Imagine if we lived in a world where we only took action if we knew with absolute certainty it was the right decision?
Society, businesses, individuals… everyone would be lulled into a sense of complacency. Pace of change and innovation would be painfully slow—if not come to a screeching halt—and advance only when impact was “knowable.” Risk taking and speculation would be muted while incalculable efforts would be exhausted to prove or disprove some of the more foundational facts we possess today. (Can we even fathom a different reality where Netflix and Apple have not displaced Blockbuster and Polaroid?)
Fortunately, as a society, we tend to choose action, change and disruption far more than we choose inaction. Think of the most recent advances and emerging technology that have positively shaped civilization: telemedicine, human genome mapping, stem cell research, solar energy, artificial intelligence and IoT, to name a few. Technology literally powers business and society. What is emerging one day becomes mainstream the next. We are always moments away from the next great creation.
Our human spirit, and innate desire to invent, is in many ways the only constant in a sea of ever-change. We must take that same spirit into our organizations and fully embrace innovation and disruption. Not just sometimes or when it’s convenient. Not just when we know with absolute certainty, we are making the right decision. Just take a quick look at the Fortune 500 trends where turnover is nearing 50 percent. Or that 81% of businesses are planning strategic big moves—acquisitions, divestitures, new business models, etc.—this year.
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Business success and survivability hinges on us developing a sixth sense, an anticipation of the macro, client and societal shifts that are coming before they come. Companies must shed the hardened premise that “how business is done” today will also be how business is done tomorrow. Today, we are living a business revolution where those that identify the market needs and fill the void the quickest are winning—or owning new markets. In many cases, if you are not the first, there is no second place… or even a place at all.
Fortunately, we are building teams and methods designed to provoke and escalate the explorers and inventors innate in each of us. We are leaning into innovation-first cultures, embracing resilient operating models, and inspiring our teams to act, even when the pathway is not completely clear.
As you look to sharpen your organization’s sixth sense to anticipate and adapt before the macro happens, consider these quick tips:
- Create “safe” space for creativity, experimentation and trial and error. Innovation-first cultures allow teams to break through functional walls and ignite their “genius zone.” Gay Hendricks, author of “The Big Leap,” suggests that individuals and teams have “zones” in which we operate at our most creative, and these zones often fall outside of defined scopes and roles. Help your team discover their individual zones of genius (when they are the most exhilarated) and nurture the heck out of it.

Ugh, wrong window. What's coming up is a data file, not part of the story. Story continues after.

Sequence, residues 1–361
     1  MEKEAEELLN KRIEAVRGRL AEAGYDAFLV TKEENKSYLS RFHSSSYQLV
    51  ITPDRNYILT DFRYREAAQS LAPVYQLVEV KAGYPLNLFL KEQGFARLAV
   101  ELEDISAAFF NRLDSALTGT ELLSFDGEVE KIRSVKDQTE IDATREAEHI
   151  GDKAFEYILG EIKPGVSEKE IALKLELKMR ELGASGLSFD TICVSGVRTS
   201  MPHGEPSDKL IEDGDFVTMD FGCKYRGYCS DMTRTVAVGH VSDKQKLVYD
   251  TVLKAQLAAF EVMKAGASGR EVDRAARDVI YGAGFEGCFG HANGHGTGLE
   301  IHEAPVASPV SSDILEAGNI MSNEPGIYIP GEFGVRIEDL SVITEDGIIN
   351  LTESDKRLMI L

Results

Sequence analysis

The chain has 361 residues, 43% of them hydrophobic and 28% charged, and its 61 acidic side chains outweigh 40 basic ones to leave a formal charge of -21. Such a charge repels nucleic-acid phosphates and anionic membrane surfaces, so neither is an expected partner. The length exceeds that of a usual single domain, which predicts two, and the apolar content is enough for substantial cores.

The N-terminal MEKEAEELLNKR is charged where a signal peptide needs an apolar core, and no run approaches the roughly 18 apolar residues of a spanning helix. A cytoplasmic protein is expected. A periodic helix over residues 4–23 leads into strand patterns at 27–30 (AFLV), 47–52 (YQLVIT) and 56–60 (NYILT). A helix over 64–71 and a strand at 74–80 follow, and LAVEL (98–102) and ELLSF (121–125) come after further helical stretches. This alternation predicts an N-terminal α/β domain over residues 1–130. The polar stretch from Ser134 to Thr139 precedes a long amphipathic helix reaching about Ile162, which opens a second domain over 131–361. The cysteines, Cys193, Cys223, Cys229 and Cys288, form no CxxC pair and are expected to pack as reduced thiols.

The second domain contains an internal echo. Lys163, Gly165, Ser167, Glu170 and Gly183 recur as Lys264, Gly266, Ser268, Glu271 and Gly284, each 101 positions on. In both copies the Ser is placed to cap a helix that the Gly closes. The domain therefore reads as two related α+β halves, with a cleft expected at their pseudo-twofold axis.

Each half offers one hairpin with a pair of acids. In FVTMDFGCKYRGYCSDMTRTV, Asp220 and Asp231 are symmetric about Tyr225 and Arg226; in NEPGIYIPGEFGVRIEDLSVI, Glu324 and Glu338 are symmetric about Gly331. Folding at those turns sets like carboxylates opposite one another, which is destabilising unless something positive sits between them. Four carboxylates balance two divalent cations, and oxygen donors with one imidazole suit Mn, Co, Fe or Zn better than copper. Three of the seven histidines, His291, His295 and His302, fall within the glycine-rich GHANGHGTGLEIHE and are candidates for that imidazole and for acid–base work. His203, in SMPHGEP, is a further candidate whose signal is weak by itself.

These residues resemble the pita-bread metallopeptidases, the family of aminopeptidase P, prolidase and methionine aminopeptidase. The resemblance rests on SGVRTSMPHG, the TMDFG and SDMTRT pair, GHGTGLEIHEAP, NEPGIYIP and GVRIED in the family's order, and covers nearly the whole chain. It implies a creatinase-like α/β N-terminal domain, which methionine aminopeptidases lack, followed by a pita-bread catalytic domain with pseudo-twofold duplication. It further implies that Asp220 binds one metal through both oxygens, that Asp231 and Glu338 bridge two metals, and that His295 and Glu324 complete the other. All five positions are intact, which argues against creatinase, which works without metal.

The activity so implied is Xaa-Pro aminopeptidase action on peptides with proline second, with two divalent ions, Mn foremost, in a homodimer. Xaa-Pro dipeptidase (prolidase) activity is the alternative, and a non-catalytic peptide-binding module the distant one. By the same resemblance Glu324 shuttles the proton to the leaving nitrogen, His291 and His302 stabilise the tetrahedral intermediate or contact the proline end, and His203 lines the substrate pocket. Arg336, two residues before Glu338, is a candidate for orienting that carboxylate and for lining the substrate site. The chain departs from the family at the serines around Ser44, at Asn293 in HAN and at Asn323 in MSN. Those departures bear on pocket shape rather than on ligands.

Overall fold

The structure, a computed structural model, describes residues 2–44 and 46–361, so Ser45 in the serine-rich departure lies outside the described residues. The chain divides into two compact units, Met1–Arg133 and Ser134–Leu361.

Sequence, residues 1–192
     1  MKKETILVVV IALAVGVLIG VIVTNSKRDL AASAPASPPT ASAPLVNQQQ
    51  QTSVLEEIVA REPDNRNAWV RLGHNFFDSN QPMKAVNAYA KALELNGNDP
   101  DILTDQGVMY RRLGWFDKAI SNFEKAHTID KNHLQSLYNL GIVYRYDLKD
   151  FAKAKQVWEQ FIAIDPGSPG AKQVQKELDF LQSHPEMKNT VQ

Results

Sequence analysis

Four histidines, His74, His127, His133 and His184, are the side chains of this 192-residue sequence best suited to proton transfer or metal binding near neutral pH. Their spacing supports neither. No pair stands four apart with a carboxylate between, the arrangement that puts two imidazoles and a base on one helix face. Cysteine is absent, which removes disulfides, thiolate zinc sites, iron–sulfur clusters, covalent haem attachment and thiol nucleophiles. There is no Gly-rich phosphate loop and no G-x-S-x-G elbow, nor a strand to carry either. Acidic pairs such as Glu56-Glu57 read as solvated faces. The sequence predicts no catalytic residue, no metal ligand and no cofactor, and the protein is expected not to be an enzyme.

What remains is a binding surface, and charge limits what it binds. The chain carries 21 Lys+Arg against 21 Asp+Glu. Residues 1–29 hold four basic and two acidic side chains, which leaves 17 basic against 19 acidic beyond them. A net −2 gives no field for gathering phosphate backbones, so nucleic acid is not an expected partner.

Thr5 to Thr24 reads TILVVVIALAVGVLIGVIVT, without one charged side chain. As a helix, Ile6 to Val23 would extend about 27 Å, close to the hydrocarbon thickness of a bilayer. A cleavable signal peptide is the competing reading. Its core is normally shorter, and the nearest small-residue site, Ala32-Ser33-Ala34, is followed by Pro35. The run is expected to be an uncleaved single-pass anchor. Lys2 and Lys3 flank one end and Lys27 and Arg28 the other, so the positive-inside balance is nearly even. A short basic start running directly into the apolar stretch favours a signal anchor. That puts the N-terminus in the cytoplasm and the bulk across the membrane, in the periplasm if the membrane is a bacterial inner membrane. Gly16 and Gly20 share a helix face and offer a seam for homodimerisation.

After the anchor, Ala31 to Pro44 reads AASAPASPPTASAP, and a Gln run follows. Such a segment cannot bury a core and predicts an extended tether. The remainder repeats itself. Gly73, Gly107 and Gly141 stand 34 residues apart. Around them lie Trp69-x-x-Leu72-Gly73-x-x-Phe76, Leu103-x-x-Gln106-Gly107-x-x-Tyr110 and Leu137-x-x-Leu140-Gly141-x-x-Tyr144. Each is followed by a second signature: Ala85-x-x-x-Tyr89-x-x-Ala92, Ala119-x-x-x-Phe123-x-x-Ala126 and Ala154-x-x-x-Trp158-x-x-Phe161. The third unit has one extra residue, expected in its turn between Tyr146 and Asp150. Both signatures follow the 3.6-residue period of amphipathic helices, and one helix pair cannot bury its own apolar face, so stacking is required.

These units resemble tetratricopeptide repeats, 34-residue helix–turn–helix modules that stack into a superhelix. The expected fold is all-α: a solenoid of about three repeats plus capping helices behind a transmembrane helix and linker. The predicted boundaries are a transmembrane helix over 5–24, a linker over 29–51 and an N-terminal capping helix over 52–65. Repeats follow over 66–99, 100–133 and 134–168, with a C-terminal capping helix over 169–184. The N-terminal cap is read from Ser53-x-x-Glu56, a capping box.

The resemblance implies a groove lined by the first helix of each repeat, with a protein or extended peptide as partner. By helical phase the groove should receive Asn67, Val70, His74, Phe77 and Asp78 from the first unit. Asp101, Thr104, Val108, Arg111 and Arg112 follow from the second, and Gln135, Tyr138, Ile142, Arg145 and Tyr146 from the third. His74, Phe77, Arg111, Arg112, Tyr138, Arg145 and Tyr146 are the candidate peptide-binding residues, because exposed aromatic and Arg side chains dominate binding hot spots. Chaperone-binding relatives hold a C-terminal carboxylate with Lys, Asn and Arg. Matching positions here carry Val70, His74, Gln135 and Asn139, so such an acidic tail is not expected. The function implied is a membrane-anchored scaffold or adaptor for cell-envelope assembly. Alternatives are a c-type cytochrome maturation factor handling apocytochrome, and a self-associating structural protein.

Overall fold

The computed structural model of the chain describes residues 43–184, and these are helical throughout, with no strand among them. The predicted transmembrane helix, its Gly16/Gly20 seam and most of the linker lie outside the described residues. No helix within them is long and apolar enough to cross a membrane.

- Know when to live in the gray and when to inspire action. Organizational change—and conditioning your team to embrace a sixth sense—can be messy, chaotic and result in conversations that range from exciting to confusing to polarizing. As leaders we must acknowledge those moments and invite our teams to live in kludge while we work towards solutions. Instill the confidence that the process is necessary (and normal), and when it’s time insist, ask questions to help your team get out of the gray like: What must we do now? What comes next?
- Add new perspectives and new people to the equation to jolt stalling change initiatives. As leaders, we need to be aware of when incremental small steps actually introduce greater business risk when compared to bold action. Every team gets stuck sometimes, and it’s no one’s fault when the path forward is not revealing. But treadmilling is sign of distress or ideation drain, and momentum must be reignited via a shift in dynamics.
It has never been more important for our teams to successfully peer around the corners, continually reimagine business models, and anticipate what comes next before it actually happens. We must strengthen our sixth sense muscle, conditioning our minds, behaviors, and workplace culture to stay ahead of the macro. It’s amazing how much our world changed in just 12 months; imagine how much more different it will look even 6 months from now.
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